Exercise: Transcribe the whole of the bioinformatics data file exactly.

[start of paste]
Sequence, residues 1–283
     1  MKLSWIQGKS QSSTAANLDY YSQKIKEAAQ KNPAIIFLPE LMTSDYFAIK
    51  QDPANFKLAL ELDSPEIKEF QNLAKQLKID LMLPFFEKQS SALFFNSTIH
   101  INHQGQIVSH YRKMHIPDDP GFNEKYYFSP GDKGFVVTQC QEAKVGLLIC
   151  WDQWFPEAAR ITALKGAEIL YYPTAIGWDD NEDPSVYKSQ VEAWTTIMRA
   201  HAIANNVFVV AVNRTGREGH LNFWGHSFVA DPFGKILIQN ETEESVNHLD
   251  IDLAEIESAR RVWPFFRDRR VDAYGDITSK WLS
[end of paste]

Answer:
Sequence, residues 1–283
     1  MKLSWIQGKS QSSTAANLDY YSQKIKEAAQ KNPAIIFLPE LMTSDYFAIK
    51  QDPANFKLAL ELDSPEIKEF QNLAKQLKID LMLPFFEKQS SALFFNSTIH
   101  INHQGQIVSH YRKMHIPDDP GFNEKYYFSP GDKGFVVTQC QEAKVGLLIC
   151  WDQWFPEAAR ITALKGAEIL YYPTAIGWDD NEDPSVYKSQ VEAWTTIMRA
   201  HAIANNVFVV AVNRTGREGH LNFWGHSFVA DPFGKILIQN ETEESVNHLD
   251  IDLAEIESAR RVWPFFRDRR VDAYGDITSK WLS